The MacBook Pro's Tools - dummies

By Mark L. Chambers

In effect, the MacBook Pro builds on the basic equipment provided with an entry-level MacBook Air, providing serious users with faster performance and storage capacity. The MacBook Pro is meant for those using processor-intensive behemoths such as Photoshop and Final Cut Pro X (think digital media professionals), as well as computer users who want to play the latest games or run the most demanding applications.

To support the faster processors in the MacBook Pro, Apple also provides 4GB of RAM as a standard; the laptop can accept a maximum of 8GB. The MacBook Pro also sports a backlit keyboard, which glows in a darkened room or airplane to allow you to continue working while everyone around you snoozes (lucky you!).

Currently, your MacBook Pro can be ordered with three different LED screen sizes: 13.3 inches, 15.4 inches, and the super-glorious 17-inch display (all in widescreen format). Storage capacity maxes out at 750GB for the traditional magnetic Serial ATA hard drive, or you can opt for up to 512GB of solid-state storage.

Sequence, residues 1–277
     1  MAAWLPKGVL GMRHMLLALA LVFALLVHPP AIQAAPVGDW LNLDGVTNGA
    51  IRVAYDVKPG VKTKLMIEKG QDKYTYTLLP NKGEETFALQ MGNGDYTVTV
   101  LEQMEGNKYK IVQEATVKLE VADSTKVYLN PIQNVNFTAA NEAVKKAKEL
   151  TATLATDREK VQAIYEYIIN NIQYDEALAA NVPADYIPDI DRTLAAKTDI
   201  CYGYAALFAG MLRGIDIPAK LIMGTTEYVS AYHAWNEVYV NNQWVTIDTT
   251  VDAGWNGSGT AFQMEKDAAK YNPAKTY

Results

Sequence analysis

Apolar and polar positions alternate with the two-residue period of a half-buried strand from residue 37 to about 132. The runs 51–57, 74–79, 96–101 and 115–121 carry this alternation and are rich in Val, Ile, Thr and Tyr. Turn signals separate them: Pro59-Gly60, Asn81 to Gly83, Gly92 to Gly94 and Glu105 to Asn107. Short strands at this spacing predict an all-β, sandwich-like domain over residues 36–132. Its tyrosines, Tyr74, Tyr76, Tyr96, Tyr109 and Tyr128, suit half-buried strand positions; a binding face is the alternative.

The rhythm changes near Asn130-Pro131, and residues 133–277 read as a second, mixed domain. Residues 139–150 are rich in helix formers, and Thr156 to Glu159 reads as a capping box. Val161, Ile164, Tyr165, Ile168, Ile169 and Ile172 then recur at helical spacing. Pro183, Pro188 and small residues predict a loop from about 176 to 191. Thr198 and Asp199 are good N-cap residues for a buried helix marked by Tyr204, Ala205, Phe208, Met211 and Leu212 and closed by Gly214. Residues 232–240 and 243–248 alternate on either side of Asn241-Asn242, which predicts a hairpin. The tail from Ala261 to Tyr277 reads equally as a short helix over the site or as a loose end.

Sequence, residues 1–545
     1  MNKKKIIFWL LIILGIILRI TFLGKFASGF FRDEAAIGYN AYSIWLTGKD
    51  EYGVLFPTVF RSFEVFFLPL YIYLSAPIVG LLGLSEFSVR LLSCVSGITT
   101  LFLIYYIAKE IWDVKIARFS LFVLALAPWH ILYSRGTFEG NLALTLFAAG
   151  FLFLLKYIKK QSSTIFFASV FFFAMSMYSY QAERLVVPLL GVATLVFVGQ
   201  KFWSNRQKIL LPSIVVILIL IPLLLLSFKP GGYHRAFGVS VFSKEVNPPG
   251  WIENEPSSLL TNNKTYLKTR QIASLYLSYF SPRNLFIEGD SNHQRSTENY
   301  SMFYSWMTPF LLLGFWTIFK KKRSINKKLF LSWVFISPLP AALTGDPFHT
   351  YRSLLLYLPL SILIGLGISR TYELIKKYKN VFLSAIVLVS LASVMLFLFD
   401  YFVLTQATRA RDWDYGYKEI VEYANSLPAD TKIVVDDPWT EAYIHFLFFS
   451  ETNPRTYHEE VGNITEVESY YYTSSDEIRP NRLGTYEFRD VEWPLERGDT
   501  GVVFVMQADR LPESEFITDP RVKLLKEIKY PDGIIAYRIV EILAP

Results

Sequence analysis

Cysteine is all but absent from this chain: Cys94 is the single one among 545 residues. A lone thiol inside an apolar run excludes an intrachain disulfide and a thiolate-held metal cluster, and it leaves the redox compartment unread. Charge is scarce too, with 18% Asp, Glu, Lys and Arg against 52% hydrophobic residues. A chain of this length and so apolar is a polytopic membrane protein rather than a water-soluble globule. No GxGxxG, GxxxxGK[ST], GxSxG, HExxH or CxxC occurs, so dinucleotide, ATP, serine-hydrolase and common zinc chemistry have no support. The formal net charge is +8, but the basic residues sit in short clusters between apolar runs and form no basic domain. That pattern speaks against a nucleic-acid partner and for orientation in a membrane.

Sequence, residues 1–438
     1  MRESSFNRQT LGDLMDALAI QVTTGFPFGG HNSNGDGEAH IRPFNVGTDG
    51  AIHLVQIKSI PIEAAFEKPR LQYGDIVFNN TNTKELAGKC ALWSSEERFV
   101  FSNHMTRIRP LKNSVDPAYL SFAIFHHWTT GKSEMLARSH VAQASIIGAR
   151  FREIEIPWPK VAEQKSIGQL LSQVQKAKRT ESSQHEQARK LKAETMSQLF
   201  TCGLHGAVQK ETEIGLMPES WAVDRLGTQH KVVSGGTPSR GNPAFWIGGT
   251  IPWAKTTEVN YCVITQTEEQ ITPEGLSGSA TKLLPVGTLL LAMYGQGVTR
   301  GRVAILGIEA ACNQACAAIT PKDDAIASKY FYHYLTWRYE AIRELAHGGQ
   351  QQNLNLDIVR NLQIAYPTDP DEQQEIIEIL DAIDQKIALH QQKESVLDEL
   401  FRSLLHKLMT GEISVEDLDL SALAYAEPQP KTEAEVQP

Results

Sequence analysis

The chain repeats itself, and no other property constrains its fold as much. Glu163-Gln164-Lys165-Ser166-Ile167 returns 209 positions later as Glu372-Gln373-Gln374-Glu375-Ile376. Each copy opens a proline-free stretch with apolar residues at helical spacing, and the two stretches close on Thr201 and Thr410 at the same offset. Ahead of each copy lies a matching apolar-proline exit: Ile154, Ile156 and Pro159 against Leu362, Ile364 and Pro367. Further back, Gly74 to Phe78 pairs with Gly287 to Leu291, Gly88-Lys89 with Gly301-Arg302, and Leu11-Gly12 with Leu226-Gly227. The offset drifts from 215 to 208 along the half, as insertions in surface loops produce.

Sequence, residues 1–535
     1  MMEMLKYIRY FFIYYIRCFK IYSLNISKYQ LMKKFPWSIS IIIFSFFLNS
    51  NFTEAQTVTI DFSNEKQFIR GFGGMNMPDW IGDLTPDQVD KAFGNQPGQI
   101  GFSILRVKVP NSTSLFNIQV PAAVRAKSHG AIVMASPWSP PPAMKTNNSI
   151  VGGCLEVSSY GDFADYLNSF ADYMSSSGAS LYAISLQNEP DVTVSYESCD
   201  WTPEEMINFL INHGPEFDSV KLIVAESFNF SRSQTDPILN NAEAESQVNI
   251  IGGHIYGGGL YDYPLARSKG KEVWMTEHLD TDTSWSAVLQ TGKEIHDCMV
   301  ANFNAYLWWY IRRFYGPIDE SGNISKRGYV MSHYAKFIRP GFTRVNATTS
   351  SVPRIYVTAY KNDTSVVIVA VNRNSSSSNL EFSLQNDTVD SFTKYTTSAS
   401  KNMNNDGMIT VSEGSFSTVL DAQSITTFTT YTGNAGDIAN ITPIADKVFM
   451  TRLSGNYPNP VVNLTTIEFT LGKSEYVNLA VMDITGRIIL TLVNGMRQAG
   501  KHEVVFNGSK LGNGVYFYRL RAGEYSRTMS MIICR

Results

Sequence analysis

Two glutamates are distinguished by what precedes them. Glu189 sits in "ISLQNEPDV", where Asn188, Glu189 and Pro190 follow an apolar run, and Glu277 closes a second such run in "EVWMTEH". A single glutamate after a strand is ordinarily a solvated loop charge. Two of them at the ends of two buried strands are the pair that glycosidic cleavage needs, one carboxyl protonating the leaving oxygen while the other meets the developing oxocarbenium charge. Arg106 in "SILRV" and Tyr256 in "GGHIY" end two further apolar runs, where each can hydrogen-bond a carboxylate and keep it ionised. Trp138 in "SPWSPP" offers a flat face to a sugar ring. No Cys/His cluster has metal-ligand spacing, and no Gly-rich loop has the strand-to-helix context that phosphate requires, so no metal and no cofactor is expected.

A SuperDrive, AirPort Extreme 802.11n, and Bluetooth wireless networking are all on board. The MacBook’s FaceTime HD camera, built-in microphone, and stereo speakers are also included. (Check this out: The speakers on all MacBook Pro models include built-in subwoofers. Score!)

The MacBook Pro naturally offers a wider range of ports and connectors than a MacBook. The ports include:

  • Gigabit Ethernet: MacBook Pro owners can enjoy the superfast speed of a wired Ethernet network.

  • Thunderbolt: Use this “superport” to connect to a larger monitor or an outrageously fast external storage device (such as a RAID drive array).

  • FireWire 800: At double the speed of the older FireWire 400 ports, your FireWire 800 port is a great choice for connecting external devices. (Note, however, that you’ll need an adapter to use an older FireWire 400 device with this FireWire 800 port.)

  • USB 2.0: The 17-inch MacBook Pro carries three ports rather than the two offered on the 13-inch and 15-inch MacBook Pro models.

  • SDXC card slot: The 13- and 15-inch MacBook Pro models have a built-in SDXC memory card slot (a great choice for digital photographers).

  • ExpressCard/34 slot: If you opt for the 17-inch model, this slot allows you to add peripheral cards that provide additional functions for your MacBook Pro, such as an eSATA connection. (In the Windows world, these are called PC cards.)

  • Audio In and Out

The least-expensive 13.3-inch MacBook Pro runs $1,199, which is a steal for the computing professional who needs a laptop on the road with the same processing power as a desktop Mac.